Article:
Yerba Mate

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Christiana George
Christiana George
Welcome to The Tart Tart, my not-so-tart take on food, writing, and photography. I decided to start up this sucker after repeated nagging from Chris, my fiance, who cannot understand why the sight of a farmer’s market would send me into ecstatic convulsions (okay, total overstatement. I can be quite the histrionic at times).With that said, my interests, though chiefly in food, also span fashion, design, literature, and photography. So don’t mind the seemingly non sequitur odds and ends I toss in posts at times.

When my Argentinian in-laws first introduced me to this drink, I did not like it at all.  It was much too bitter and I didn’t like the idea of everyone sharing one straw.  After working with them for several years and seeing them drink it all day, I did try it again and again.  One day I finally took a liking to it.  My sisters-in-law add a little sweet and low to the carafe of water that is poured in the mate or add an orange peel to the mate itself.  My husband likes it plain and bitter. 

It is supposed to be good for weight loss, although all the baked goods I have been making lately and bringing to the office kind of cancel that out.  It does have caffeine, so at least it keeps me going all day.

Yerba Mate is kind of like a tea.  The leaves come from a small tree or shrub.  The ground up leaves are placed in a vessel called a mate.  There are different kinds of vessels.  I have one that is a hollowed out gourd, another that is wood on the inside and silver on the outside, another that is all glass.  This one that we use at the office is porcelain.  The water is heated up, but not to a boiling point.  Then the water is poured over the mate leaves.  You drink from the mate with a straw called a bombilla.  It has a filter at the bottom to strain out any bits of leaves and it is usually made of silver.  Once one person drinks from the mate the water is then refilled and passed onto the next person.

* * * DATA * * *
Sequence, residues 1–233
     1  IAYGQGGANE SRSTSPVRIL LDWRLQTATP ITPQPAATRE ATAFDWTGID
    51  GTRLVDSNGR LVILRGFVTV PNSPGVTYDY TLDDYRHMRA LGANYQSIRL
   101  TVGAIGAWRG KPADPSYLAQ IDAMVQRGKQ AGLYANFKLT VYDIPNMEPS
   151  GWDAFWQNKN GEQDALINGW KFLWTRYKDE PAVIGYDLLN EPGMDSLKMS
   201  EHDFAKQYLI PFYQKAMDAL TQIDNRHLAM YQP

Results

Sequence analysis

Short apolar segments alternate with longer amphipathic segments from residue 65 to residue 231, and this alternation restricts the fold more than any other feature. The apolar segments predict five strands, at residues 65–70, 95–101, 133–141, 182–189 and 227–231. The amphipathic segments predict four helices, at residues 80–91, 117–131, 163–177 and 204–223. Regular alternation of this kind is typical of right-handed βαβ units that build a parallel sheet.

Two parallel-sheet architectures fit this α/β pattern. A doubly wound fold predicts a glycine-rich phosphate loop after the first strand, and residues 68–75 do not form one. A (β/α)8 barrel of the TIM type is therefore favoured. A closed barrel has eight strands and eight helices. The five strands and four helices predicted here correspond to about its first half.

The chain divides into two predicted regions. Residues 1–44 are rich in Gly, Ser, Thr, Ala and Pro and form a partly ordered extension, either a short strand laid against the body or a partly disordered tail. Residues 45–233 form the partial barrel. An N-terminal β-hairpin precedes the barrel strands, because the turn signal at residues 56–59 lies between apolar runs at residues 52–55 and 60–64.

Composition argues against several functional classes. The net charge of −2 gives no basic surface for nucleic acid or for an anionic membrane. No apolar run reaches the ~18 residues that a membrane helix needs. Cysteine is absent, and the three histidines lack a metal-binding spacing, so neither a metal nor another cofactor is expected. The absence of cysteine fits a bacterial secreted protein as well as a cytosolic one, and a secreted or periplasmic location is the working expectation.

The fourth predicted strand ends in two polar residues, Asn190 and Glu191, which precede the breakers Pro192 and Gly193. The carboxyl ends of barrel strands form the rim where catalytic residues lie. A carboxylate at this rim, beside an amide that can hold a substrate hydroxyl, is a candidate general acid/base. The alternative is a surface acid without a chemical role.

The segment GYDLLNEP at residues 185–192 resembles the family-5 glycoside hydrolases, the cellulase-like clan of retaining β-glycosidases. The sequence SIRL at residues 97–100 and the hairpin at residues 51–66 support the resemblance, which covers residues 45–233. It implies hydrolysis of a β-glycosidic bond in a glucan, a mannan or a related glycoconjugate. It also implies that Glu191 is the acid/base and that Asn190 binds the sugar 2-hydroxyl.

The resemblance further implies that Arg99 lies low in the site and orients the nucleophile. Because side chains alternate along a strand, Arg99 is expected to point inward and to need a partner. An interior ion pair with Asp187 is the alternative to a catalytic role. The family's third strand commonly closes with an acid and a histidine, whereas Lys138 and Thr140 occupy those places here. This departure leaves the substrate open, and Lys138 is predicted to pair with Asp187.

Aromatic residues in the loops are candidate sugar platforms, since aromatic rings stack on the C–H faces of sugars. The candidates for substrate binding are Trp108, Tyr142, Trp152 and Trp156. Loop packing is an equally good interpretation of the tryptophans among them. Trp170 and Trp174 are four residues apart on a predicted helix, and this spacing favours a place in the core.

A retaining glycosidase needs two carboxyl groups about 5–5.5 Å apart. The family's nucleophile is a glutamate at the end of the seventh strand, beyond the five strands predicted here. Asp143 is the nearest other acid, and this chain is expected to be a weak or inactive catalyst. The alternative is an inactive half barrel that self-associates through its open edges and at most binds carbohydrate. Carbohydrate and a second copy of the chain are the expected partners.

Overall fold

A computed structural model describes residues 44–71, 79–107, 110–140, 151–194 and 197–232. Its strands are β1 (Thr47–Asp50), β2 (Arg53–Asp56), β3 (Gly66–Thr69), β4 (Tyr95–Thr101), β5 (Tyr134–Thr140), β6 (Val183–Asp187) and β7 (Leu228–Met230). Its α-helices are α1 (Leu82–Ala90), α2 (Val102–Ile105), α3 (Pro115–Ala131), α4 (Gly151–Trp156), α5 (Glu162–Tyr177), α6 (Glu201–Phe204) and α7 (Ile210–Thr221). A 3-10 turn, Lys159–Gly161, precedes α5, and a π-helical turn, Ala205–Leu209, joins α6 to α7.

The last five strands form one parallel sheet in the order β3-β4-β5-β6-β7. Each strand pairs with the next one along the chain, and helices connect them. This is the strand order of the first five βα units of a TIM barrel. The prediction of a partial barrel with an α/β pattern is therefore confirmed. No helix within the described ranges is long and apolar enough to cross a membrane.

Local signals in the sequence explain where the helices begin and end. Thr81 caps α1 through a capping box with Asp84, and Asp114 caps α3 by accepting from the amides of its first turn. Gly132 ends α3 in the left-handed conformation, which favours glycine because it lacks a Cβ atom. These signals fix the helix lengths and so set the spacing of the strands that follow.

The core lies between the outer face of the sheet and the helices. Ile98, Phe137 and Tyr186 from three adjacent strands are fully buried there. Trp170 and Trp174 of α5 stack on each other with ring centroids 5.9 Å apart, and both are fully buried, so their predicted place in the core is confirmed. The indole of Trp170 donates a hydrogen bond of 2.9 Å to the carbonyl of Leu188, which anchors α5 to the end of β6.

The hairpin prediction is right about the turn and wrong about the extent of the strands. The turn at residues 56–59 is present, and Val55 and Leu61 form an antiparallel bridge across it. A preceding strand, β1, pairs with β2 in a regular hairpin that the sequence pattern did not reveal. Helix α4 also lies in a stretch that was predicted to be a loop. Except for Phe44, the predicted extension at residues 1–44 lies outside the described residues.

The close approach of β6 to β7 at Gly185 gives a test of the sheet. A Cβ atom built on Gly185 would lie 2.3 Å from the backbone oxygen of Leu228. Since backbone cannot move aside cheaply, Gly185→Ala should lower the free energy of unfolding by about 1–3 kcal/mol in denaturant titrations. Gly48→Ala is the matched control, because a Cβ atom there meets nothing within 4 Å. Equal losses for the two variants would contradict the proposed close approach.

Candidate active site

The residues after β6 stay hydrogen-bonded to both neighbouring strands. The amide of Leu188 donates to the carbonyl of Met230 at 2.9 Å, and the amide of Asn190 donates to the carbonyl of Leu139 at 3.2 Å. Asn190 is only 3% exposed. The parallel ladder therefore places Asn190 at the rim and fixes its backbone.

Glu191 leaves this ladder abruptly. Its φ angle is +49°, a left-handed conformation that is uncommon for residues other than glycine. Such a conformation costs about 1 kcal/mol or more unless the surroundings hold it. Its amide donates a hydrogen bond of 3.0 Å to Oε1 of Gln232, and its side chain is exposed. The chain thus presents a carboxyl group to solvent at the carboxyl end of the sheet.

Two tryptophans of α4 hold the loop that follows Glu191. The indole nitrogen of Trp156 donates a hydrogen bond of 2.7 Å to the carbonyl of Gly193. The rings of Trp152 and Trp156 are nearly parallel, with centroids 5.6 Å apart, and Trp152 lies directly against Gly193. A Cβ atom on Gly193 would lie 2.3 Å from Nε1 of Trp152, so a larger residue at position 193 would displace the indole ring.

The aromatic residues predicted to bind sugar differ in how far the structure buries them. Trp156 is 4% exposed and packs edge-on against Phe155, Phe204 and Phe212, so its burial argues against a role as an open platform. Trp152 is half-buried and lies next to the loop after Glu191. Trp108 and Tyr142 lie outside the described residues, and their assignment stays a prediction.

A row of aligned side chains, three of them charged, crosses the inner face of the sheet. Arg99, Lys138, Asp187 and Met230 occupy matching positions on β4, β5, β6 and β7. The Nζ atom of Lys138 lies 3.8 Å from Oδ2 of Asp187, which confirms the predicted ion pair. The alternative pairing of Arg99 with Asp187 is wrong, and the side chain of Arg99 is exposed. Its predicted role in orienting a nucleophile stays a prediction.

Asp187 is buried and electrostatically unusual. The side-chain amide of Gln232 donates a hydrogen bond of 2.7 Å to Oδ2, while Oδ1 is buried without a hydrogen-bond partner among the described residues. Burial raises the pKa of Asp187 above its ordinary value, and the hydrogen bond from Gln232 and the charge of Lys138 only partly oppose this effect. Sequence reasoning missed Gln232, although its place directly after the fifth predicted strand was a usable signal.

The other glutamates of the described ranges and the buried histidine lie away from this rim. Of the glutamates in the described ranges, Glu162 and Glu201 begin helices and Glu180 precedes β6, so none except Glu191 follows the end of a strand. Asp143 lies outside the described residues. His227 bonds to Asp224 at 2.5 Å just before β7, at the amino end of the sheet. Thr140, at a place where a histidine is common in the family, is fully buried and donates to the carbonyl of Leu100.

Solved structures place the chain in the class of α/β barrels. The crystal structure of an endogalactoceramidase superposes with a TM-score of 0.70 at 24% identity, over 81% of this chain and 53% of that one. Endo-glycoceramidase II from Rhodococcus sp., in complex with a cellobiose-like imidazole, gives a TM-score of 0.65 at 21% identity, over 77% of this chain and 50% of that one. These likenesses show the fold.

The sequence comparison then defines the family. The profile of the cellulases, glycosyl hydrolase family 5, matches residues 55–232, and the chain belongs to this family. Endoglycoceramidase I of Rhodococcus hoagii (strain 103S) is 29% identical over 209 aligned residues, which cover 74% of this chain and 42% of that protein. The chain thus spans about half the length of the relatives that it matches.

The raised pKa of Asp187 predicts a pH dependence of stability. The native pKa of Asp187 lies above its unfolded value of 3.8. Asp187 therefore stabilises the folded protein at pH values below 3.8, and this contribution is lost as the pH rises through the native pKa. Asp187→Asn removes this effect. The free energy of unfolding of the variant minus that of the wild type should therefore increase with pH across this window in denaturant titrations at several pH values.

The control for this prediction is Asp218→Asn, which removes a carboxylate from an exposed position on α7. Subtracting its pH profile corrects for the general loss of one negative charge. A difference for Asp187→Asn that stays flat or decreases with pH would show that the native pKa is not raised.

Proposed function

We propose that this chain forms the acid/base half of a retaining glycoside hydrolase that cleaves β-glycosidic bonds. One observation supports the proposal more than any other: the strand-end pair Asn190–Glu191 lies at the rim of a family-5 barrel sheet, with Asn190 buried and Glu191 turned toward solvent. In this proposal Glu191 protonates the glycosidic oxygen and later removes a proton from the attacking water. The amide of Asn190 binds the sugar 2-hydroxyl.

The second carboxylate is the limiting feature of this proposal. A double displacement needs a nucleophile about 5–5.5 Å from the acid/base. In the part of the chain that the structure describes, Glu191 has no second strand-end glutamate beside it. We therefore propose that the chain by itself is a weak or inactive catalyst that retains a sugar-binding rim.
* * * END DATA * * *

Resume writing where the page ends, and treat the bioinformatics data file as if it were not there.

There is a whole ritual for the preparing, serving and drinking of the mate. You can check out these 2 sites:

Argentinians are pretty serious about their mate, the bring it everywhere, even to the beach.   When I went to Buenos Aires last year  I saw people on the street carrying thermoses and their mate,  drinking as they walked.  It’s almost like a drug.

I am used to drinking now and drink it everyday at the office.  It is supposed to have a lot of health benefits.  And it does go well with sweets!

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